Updated: Feb 1, 2021
On January 4, 2021 I said goodbye to my sweet baby sweetness, Georgia. She was my best friend and adventure companion for nearly 15 years, but I knew it was time for her cross that rainbow bridge and it was my job to help her. I've been trying to find words to pay her a small tribute and this is the best I could do... knowing that nothing I ever say out loud or write on paper will do her life justice. Regardless, this is for you, Georgie-babe.
My late husband, Tony, brought home this adorable beast while I was attending a Cars and Blondie concert at Fiddler's Green Amphitheatre on May 30, 2006. He texted me about this cutie and I couldn't wait to get home... but of course I needed to finish watching this concert which was totally awesome. Seriously, they put on one hell of a show.
That time she made me bleed
I walked in the door and couldn't see this puppy anywhere, I just saw my husband sitting on the couch looking down at the floor with a dopey grin on his face. "Well, where is she??", I said. He didn't say a word but she heard me and charged at me from under the coffee table. I crouched down just in time to catch her as she showered me with kisses and puppy breath. I rolled onto my back with her on my chest as she hooked my nose with her sharp teeth and drew blood. I couldn't stop giggling through the stinging tears... I just knew this dog was going to be a crazy journey.
The water dog emerges
She took to the water that summer and she was amazing out there! Till this day, she is still the fastest and most fearless water dog I've ever seen. I thought she should have a cover shot on some outdoor magazine. Unfortunately her river shenanigans did not a good fishing companion make... she scared them all away. Anytime we went to the river, it was Georgia time.
I called her "Sweet Poop" for most of her life because of an accident she had as a young pup. We crate-trained her while away from the house and when I came home for lunch one day, she had a major poop blow-out in the cage... she was covered and so was the cage. I gave her a bath and realized that she might have residual issues that night while we would be attending a wedding. Tony kept saying it was a bad idea but I couldn't imagine putting her back in a cage.... so I put her in the tiled bathroom and puppy-proofed it best I could before we left. This was an unimaginable miserable failure on my part. We came home to the most glorious poop-smeared, torn-up bathroom I've ever laid eyes on. She shredded the wicker laundry basket in the closet, tore up every roll of toilet paper, AND all the shampoo bottles were punctured and dripping all over the floor, the shower, the walls. Poop paw-prints were on every surface. The fruitiness of the soap mixed with the stench of poop overwhelmed us into delirious fits of laughter. Sweet Poop.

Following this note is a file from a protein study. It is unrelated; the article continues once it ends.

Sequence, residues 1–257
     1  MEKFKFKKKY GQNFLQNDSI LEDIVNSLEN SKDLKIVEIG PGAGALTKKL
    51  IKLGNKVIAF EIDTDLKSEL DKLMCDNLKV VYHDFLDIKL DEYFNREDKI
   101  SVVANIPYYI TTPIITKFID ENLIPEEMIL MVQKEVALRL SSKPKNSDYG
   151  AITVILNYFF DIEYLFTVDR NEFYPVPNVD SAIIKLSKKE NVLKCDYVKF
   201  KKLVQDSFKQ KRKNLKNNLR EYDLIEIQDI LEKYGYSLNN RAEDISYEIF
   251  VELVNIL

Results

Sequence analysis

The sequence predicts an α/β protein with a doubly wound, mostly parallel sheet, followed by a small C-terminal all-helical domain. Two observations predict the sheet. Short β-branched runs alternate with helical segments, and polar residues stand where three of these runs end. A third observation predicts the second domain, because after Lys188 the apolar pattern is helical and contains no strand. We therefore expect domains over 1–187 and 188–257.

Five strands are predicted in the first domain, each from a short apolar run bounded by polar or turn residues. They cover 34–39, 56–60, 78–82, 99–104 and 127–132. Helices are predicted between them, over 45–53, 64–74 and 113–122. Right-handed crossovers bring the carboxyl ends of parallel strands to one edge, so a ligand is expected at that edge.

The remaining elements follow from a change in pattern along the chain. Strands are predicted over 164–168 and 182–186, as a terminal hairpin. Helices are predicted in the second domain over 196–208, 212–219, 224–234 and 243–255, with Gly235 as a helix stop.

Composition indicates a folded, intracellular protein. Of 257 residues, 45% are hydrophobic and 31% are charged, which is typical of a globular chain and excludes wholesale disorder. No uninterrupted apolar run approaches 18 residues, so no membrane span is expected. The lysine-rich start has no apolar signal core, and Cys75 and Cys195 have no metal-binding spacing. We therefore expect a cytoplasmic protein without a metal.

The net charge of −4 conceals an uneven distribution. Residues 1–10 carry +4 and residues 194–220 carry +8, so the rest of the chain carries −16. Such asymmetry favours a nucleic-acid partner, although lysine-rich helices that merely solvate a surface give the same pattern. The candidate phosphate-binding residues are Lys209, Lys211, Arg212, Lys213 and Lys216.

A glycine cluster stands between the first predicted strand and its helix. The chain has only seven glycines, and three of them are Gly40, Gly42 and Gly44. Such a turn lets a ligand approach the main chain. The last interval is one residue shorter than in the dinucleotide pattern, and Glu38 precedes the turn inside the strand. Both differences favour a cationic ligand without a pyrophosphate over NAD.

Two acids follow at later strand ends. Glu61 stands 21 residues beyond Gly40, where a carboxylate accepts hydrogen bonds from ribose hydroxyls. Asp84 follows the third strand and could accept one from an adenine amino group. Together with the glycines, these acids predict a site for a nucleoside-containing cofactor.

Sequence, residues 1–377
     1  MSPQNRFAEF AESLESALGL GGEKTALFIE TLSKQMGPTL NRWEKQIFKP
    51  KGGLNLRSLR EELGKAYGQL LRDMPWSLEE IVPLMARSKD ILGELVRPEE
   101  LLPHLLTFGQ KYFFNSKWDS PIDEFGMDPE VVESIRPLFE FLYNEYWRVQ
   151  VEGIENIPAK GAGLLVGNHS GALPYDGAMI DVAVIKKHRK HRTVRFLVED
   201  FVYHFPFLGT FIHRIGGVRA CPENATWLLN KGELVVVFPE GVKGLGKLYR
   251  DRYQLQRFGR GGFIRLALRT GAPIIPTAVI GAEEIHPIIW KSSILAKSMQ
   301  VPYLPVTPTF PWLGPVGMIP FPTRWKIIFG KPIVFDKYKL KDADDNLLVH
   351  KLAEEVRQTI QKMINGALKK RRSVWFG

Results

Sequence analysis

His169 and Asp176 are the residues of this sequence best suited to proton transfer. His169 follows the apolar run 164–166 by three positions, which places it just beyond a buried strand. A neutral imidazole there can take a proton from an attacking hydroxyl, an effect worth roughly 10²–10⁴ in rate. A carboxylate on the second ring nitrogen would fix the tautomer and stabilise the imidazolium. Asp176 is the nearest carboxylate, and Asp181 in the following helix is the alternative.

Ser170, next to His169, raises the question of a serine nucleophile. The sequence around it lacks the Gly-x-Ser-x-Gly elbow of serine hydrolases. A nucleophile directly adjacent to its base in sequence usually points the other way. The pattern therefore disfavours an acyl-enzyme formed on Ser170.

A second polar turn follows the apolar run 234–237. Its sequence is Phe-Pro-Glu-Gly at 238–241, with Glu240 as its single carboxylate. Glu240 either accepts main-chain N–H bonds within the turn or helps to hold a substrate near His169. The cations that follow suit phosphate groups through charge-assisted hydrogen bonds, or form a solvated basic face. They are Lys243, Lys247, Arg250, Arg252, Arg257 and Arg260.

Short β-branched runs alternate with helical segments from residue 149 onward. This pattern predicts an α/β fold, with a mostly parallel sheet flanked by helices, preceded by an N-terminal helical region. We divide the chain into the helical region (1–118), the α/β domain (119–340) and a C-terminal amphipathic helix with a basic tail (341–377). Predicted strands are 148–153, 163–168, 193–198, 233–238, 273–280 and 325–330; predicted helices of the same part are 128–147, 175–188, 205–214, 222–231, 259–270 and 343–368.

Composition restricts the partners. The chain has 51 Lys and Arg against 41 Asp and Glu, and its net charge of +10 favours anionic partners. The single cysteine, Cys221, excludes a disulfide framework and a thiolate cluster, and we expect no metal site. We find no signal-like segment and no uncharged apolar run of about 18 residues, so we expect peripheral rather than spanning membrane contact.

Georgia and Tony were best friends, it was obvious she preferred him to me. And that was okay because she brought us both so much joy that there was no animosity - just love. But then Tony died in 2009. During the nights I couldn't sleep that first year after he was gone, she would crawl under the covers and hold me as I shivered and cried. She knew her favorite human wasn't coming home and she intended to make sure I was okay. She protected and loved me wholeheartedly until she left to join him.
In the years following Tony's death, Georgia, Cairo (my border collie), and I went on tons of trips. We camped in the Colorado mountains, Moab, on the shores of Lake Powell, and even the Olympic Peninsula in Washington so that Georgia could see the ocean. The big waves scared the shit out of her but she still ran along the shoreline and made the best of it. She was a great road-tripper and her excitement was contagious anytime we neared our destination... the minute she smelled water or evergreen trees, she would start speaking in dog language that sounded much like a trill shriek in Spanish because she was rolling her Rs.